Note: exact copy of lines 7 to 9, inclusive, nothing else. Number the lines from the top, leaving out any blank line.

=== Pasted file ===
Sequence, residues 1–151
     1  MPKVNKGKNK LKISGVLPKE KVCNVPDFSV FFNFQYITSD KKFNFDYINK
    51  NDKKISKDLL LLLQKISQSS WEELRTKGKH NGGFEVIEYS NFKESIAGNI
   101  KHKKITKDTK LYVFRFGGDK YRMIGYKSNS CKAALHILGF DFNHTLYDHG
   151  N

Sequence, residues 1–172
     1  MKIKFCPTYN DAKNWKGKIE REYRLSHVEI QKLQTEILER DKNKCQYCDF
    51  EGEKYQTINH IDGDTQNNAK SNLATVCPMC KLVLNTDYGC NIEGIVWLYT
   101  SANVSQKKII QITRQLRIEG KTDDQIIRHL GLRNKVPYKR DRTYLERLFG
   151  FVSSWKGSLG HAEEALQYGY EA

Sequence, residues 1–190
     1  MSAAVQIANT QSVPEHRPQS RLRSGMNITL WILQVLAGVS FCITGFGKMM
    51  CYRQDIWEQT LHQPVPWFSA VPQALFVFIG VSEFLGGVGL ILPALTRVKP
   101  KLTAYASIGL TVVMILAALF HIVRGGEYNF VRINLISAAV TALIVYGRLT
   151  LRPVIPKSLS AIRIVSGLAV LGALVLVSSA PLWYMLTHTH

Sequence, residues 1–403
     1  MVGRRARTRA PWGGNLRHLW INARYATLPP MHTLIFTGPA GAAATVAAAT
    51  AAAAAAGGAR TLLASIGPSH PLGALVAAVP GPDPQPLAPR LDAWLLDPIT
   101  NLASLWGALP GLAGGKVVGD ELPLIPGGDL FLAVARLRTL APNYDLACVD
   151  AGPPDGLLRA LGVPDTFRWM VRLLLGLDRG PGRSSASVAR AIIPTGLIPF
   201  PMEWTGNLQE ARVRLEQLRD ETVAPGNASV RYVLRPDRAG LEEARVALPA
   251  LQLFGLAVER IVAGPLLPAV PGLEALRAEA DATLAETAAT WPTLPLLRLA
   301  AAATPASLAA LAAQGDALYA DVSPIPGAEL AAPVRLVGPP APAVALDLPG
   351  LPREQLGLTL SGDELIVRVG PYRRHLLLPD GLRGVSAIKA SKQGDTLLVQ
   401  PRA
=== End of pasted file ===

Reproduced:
     1  MKIKFCPTYN DAKNWKGKIE REYRLSHVEI QKLQTEILER DKNKCQYCDF
    51  EGEKYQTINH IDGDTQNNAK SNLATVCPMC KLVLNTDYGC NIEGIVWLYT
   101  SANVSQKKII QITRQLRIEG KTDDQIIRHL GLRNKVPYKR DRTYLERLFG